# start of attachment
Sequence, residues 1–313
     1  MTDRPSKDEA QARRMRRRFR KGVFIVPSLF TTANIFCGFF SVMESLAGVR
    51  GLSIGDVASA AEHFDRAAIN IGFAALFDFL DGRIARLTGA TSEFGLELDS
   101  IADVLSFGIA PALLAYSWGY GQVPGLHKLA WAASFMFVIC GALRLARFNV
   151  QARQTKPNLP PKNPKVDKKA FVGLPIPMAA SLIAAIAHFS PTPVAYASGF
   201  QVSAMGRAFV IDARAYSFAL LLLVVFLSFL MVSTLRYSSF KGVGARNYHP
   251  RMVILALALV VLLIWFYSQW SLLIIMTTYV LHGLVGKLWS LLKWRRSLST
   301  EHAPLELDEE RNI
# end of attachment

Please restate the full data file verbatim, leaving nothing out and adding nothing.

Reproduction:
Sequence, residues 1–313
     1  MTDRPSKDEA QARRMRRRFR KGVFIVPSLF TTANIFCGFF SVMESLAGVR
    51  GLSIGDVASA AEHFDRAAIN IGFAALFDFL DGRIARLTGA TSEFGLELDS
   101  IADVLSFGIA PALLAYSWGY GQVPGLHKLA WAASFMFVIC GALRLARFNV
   151  QARQTKPNLP PKNPKVDKKA FVGLPIPMAA SLIAAIAHFS PTPVAYASGF
   201  QVSAMGRAFV IDARAYSFAL LLLVVFLSFL MVSTLRYSSF KGVGARNYHP
   251  RMVILALALV VLLIWFYSQW SLLIIMTTYV LHGLVGKLWS LLKWRRSLST
   301  EHAPLELDEE RNI